Rausse just wanted the runt of the litter. As a rule, he took his cut from all activity within his neighbourhood, no matter how small. Besides he had always wanted a Dalmatian.
Still Ms Mavis Kilcoyne refused.
“Inkwell’s my dog,” she told Rausse, right in front of his boys. “So these are my puppies.”
Rausse sighed as he smoothed down his sandy blonde goatee. “I am not asking for the lot, Mavis. Just the smallest.”
“Why?” The force with which Mavis asked this made him blink. No easy feat for the man who had run the Black Rail job. Still Rausse made a habit of good manners when it came to women who reminded him of his mother. With Mavis’s short skinny frame all clenched up as it was, the resemblance was uncanny.
Rausse took a moment to wipe off the spittle from his glasses before answering her question. He affected a light inoffensive chuckle. “It’s a tradition started by my grandfather. Silly I know but, back in his village, his neighbours would show their appreciation by offering a puppy or kitten from their litters.”
“Appreciation for what exactly?” Mavis put a fist on her hip, varicose veins tightening. “Did he offer ‘protection’ too?”
Rausse laughed again though this time it was very forced. He leant back in his swivel chair. The boys looked ready to pounce but he stopped them with a raised finger.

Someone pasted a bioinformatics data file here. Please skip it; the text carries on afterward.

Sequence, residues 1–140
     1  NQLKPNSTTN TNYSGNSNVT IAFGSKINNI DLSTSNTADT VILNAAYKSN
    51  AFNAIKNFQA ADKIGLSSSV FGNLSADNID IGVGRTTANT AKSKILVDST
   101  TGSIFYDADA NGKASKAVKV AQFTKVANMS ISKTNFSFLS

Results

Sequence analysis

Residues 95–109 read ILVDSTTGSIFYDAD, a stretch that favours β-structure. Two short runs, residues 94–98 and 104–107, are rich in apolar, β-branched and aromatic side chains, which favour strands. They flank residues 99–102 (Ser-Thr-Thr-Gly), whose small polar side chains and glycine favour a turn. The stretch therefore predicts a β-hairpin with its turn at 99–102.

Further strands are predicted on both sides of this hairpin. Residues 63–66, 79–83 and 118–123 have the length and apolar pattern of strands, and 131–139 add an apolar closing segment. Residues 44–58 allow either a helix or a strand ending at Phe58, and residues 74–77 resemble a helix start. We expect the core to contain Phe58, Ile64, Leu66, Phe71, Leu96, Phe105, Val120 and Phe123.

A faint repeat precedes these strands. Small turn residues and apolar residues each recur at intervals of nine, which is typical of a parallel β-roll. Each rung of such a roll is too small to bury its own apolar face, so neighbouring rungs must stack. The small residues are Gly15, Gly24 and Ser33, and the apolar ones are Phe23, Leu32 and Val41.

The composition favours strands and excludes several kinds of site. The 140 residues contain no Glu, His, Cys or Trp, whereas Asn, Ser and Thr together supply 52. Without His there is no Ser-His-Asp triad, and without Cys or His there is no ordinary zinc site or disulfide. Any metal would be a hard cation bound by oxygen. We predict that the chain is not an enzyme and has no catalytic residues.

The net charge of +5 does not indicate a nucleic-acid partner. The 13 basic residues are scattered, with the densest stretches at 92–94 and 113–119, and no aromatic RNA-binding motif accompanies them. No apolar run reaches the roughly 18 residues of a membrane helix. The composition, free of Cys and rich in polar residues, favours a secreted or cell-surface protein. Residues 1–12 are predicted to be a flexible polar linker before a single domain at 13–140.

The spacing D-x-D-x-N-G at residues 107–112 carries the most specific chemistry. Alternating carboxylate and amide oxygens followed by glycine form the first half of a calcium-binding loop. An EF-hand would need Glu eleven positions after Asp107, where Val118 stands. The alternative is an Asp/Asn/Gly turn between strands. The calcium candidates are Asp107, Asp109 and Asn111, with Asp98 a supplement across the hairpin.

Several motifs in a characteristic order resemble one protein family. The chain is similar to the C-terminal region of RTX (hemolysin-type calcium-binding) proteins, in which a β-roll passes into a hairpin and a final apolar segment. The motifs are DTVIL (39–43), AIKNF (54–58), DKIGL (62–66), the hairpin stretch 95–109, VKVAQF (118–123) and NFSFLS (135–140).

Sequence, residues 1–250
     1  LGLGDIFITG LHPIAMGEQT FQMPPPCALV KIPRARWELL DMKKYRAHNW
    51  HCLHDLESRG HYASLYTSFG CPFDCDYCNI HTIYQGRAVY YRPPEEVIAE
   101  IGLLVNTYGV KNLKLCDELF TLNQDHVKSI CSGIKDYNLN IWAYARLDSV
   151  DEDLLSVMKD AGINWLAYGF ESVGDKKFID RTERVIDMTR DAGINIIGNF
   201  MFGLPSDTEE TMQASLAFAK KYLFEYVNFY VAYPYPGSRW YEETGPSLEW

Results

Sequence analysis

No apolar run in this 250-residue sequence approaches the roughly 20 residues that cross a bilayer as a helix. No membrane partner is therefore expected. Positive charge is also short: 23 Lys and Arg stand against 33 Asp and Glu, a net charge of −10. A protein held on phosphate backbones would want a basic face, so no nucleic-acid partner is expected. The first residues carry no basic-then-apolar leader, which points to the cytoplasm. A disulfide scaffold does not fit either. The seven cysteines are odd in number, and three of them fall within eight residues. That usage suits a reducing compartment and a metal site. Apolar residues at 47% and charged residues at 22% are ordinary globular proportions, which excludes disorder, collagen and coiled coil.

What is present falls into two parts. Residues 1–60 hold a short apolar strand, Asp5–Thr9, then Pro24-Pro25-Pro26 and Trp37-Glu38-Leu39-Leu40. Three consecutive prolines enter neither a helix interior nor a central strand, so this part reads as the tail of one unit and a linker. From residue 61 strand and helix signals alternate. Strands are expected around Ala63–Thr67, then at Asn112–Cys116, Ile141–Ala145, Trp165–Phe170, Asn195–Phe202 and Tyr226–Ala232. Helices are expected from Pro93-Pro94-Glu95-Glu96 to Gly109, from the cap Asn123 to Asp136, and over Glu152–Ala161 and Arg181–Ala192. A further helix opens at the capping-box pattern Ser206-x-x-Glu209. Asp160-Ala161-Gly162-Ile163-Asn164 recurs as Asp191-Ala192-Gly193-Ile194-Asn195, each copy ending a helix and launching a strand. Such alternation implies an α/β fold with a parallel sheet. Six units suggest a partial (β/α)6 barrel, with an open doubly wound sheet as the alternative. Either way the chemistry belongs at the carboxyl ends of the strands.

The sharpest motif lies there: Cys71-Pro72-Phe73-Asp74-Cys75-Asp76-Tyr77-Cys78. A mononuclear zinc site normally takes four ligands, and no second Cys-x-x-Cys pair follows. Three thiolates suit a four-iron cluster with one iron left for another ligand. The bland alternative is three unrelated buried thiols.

“My grandfather was just that, Mavis, a grandfather to his whole village. Of course, he doted on me more than most which was how the ‘runt of the litter’ thing got started. He meant nothing more than to make his grandson smile.”
“And that has somehow transformed into a right for firstborns all your life?”
Rausse’s jaw tightened. One more smart remark and this bitch would be in serious trouble. He didn’t care how much she reminded him of his mother, respect shouldn’t be this hard to earn. He removed his glasses again to keep his hands occupied, the very same fingers that had throttled Mr Thank himself.
“Mavis,” he spoke with a sing-song lilt. “Need I remind you about how I pulled your own firstborn’s fat out of the fire in Greenwich?” He locked eyes with her. “If it hadn’t been for my timely phone call, where exactly do you think Robbie would be now? And in what condition?”
Mavis fell silent at this, her outraged expression finally paling under the white light bar flickering just overhead. Rausse smiled to see this change.
“You were going to sell the litter off, weren’t you?”
At first, she didn’t respond but then the boys edged forward.
“Yes,” she muttered.
“And I believe there’s a teeny tiny nipper that won’t go for as much as the rest. Isn’t that so?”
Mavis nodded, grey hair falling out of her messy bun.
“Allow me to take it off your hands then.” Rausse held out his own hand in a small placating gesture. She stared at it hard.
Then, with the slightest crack of one of his boys’ knuckles, she looked Rausse in the eye. “Okay.”
With that Mavis was escorted from his office. She only lived round the corner so it wasn’t long before the boys returned. One of them opened his leather jacket and presented Rausse with a wriggly Dalmatian puppy. It was barely bigger than his hand.
As he brought the runt in close for a hug, he noticed that it was a little girl. She wagged her pure white tail.
“Hello, sweetheart!” Rausse said, puckering his lips. “How ya doing?”
His little sweetheart pissed all over his lap.
Payback’s a Bitch is a piece from Lucy’s Workshop on Karma 13-05-2020.